On one of their road trips, someone gave them a pocket New Testament that had belonged to Johnny L. Perkins, a company doctor believed to be from Texas. It is dated November 29, 1965.

Inside the cover are two columns, written in blue ink. The first column lists 30 names – simple entries such as “Pfc. Musto”, “Sgt. Doss”, or “Lt. Hunter”. A second column includes a date.

The Delps surmised that the doctor kept a record of these, either with his 4th Infantry Division unit or in his custody, when they died. They researched each list and found that 25 of the 30 men named had been killed in action. All of them have at least one good photo on the wall of faces.

“I got the biggest kick out of it, and so did she,” Steve Delp said.

The Delps continued their mission between 2013 and 2018. He was working for VVMF during this period and she volunteered. Annie Delp handed out her card everywhere she went, talking with people on the project and encouraging them to call her if they found any photos. She visited local libraries and museums, poring over yearbooks.


“When you start putting a face to a name, it makes a huge difference,” she said in an August 2015 article in The Free Lance – Star.

Norman Murray, a Vietnam veteran who lives near Buffalo, New York, attended a Veterans Day ceremony at the wall in 2014 and met Annie Delp. She told him about the group’s efforts to build a life story for each name on the wall, “to ensure that current and future generations can understand and honor the sacrifices of all who have served,” she said. he writes in an email.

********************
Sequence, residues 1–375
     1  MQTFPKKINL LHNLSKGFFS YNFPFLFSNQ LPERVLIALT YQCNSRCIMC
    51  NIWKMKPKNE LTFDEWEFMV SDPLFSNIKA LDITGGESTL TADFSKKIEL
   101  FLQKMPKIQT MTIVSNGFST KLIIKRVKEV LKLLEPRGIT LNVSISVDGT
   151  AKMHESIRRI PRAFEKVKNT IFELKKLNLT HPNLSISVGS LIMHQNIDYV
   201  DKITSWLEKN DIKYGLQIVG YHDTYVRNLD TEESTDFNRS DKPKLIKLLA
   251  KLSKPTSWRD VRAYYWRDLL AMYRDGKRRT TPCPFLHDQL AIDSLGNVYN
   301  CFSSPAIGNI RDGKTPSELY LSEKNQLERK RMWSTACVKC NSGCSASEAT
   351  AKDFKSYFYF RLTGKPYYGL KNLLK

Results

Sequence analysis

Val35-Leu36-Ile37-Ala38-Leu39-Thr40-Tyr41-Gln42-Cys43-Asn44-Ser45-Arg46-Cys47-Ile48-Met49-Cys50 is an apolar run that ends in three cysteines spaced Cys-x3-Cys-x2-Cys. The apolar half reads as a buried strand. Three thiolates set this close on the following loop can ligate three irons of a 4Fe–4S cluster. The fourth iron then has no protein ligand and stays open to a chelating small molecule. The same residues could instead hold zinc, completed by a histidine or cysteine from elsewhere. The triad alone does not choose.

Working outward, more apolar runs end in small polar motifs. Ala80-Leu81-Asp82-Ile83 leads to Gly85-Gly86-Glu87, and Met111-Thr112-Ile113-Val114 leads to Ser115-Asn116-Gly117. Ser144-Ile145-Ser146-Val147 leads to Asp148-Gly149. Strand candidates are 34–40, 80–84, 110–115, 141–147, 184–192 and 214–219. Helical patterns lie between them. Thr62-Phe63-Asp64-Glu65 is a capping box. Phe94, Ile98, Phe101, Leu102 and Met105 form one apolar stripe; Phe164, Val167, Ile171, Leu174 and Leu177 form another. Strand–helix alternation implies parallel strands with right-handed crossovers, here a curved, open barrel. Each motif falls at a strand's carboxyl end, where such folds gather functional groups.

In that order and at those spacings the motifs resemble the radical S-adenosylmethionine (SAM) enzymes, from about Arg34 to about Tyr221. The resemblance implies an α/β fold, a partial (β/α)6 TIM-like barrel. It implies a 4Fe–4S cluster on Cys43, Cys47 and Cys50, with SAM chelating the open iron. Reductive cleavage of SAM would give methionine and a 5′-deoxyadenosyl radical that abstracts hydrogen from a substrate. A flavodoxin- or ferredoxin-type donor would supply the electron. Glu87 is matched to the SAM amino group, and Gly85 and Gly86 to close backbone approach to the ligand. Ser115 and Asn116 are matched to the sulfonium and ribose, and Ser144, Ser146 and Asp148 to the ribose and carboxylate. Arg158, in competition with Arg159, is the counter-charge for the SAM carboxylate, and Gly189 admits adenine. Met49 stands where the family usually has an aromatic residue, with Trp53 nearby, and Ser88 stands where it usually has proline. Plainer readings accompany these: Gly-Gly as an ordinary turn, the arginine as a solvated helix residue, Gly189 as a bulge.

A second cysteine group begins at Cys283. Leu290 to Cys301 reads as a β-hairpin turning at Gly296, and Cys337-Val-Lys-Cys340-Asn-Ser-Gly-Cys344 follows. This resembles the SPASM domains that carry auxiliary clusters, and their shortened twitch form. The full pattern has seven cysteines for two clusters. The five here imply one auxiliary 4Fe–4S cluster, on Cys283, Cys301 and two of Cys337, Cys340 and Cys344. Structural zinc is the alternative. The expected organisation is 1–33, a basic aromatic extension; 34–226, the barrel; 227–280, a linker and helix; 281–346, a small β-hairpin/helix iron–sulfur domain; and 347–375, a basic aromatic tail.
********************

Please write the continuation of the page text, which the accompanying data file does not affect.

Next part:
“Ann and the work she was leading was an inspiration to me,” he added. “She made me feel the importance of remembering everyone we’ve lost.”

Murray discovered that 451 names on The Wall belonged to people in eight western New York counties, and at that time more than 150 had no photo. He began stalking families and reading newspaper clippings, sharing his mission with a class from Buffalo State College, reporters from the Buffalo News and another researcher “who had quietly collected the obituaries of the dead,” according to VVMF.

Jim Knotts, the group’s chairman and chief executive, said the Delps were responsible for collecting thousands of photos and Steve Delp processed many of them while working at VVMF.

“It’s inspiring to see people who care so much, who engage so completely, who donate time, talent and treasure to help others,” Knotts said.

Steve Delp continues to refine the stitched photos. He recently started going through entries, looking at photos and biographies of everyone who was killed on a given date. The evening after an interview with The Free Lance–Star, he drove to his home in Culpeper and was reviewing the website when he came across the name Dennis John Bullock.


“Oh my God, he was two classes behind me at Montoursville High School in Montoursville, Pennsylvania, in the middle of nowhere,” Steve Delp said in a phone message. “I forgot about that, and I’m looking at his picture right now, and it’s like, holy cow, Denny.”

Steve Delp encourages those who lost loved ones in the Vietnam War to check out the Wall of Faces at There is an option to submit photos if people have better photos than what is shown or if they want to add more images.